What is it that binds people together into the type of community that the Bible refers to as “koinonia – a sharing of life”? What is it that causes people to be willing to lay down their lives for one another, to serve one another, to sacrifice, forgive, encourage, support, and build one another up? The classic trilogy, Lord of the Rings (LOTR) from J.R.R. Tolkien gives us amazing insight into some biblical truth. It does so by showing us how that kind of community is possible between men who previously distrusted one another, Elves and Dwarves who hated one another, and Halflings who would prefer nothing better than to avoid them all while staying home eating salted pork and smoking a pipe filled with Longbottom Leaf.

Key to understanding how this incredibly diverse group was knit together into a Band of Brothers, sacrificing their all for one another is that they knew they were in a war together. And it was not a small, minor skirmish. It was a war for the fate of the world. It was a war in which the most hideous evil to ever exist was seeking to enslave, torture, and crush all people of goodwill. They knew that they were together in a struggle to the death between good and evil. If you ever speak to, or read about soldiers who together faced an enemy that sought to destroy them then you have learned about the bond that can only come in the face of such danger. In Shakespeare’s Henry IV, you King Henry speaks to his vastly outnumbered men on the eve of battle. He inspires them with the recognition that back in England there is a multitude of men who will one day wish they had been part of that “lonely few”, that “band of brothers”. There is something about facing danger together that forges a bond that nothing else has the fire to accomplish.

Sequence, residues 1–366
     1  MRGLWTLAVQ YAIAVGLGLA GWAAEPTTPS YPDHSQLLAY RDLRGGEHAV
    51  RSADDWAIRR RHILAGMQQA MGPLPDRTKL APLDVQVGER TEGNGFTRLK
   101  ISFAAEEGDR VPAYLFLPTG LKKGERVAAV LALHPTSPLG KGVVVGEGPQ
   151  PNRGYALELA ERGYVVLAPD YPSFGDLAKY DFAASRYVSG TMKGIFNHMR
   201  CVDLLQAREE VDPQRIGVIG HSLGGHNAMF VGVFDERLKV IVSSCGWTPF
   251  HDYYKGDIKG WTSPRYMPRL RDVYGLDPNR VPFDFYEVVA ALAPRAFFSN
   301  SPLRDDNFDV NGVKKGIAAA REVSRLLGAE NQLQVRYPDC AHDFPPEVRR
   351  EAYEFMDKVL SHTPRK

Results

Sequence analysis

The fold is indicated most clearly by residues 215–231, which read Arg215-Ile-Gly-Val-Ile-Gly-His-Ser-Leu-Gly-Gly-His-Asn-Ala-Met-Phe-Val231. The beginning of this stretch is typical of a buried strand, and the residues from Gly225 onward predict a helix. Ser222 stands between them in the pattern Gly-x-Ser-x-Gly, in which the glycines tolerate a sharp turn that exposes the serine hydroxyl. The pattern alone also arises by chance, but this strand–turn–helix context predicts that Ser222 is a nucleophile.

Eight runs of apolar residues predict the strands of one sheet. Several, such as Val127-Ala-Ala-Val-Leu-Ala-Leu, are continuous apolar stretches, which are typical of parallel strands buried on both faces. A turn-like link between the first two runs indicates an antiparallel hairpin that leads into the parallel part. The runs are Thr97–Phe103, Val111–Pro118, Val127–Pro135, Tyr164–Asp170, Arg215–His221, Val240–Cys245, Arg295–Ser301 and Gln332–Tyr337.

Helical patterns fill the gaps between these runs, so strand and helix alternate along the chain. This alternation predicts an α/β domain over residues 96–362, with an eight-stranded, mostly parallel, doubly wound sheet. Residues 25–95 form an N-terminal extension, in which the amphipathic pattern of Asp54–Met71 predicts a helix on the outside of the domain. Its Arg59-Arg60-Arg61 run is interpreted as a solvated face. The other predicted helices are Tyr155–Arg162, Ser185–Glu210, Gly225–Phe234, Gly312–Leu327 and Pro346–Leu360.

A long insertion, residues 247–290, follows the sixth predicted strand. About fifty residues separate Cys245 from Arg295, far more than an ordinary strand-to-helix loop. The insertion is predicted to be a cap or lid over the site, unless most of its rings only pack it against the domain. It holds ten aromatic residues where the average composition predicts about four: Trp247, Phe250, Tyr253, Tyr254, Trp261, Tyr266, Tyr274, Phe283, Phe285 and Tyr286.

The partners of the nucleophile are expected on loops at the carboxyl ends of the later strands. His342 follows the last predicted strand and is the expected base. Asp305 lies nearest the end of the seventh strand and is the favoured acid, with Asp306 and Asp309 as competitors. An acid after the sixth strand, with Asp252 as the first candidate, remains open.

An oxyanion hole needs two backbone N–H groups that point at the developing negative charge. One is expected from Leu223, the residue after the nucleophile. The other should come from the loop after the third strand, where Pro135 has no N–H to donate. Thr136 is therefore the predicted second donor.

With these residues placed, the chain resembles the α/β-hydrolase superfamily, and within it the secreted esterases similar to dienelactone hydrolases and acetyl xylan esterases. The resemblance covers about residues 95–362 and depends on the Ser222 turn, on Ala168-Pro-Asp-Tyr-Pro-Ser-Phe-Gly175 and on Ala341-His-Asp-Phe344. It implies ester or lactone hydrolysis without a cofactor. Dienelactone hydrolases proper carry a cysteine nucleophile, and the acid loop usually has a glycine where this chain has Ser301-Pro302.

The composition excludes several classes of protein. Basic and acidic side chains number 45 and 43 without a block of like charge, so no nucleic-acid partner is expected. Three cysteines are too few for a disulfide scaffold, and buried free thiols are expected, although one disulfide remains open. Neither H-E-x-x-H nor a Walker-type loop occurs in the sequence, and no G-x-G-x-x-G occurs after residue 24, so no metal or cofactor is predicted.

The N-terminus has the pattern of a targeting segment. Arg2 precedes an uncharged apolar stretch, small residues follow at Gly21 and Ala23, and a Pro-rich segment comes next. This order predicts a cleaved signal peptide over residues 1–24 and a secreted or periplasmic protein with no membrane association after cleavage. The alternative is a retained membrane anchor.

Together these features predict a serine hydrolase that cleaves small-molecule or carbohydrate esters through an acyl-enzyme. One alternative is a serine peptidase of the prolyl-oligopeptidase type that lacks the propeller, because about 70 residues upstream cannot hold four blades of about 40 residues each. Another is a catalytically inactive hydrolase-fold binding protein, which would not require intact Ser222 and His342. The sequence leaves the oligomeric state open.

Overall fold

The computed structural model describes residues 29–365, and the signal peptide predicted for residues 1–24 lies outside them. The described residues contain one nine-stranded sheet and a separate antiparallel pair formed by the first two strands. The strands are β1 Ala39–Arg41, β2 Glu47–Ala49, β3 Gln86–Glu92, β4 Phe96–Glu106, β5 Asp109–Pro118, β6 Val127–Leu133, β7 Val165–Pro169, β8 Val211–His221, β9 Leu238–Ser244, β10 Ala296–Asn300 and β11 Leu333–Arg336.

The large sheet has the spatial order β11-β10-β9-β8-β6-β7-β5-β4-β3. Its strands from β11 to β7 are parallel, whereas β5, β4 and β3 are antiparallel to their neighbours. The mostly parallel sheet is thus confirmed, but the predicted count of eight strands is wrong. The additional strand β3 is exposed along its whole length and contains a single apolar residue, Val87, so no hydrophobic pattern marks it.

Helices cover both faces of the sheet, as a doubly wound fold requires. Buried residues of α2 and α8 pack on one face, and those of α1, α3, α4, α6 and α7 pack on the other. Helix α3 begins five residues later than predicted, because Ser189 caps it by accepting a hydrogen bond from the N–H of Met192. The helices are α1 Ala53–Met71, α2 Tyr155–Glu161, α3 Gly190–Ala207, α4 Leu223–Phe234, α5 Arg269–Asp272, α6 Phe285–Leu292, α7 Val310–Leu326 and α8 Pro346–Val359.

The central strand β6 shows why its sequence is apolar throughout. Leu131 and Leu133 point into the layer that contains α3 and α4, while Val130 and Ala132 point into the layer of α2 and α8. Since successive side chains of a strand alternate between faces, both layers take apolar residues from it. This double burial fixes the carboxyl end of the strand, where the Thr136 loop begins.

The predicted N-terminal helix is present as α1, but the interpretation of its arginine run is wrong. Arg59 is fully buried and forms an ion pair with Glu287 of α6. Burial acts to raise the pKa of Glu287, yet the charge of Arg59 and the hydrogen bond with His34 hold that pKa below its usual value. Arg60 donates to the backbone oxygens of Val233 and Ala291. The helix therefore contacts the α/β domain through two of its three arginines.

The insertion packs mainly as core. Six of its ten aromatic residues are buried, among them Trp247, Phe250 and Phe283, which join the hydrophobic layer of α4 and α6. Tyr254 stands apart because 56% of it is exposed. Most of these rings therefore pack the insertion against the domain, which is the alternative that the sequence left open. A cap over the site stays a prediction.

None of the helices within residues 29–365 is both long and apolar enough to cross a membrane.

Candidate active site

Followers of Christ are engaged in such an epic struggle. Paul says that we are in a wrestling match that is a life and death struggle. We are wrestling against a spiritual evil that is wicked and wants to destroy us. In order to face that enemy we must buckle on our helmets and breastplate, take up our sword and our shield and go to battle. It is serious business. What is truly fascinating is that Paul’s call to arms in Ephesians 6 comes directly on the heals of his call to all of us to be in right relationships with one another in which we submit to one another out of love for Christ. We are NOT to go into this battle alone. We are to go into this battle locked arm and arm with other followers of Christ, other fellow soldiers.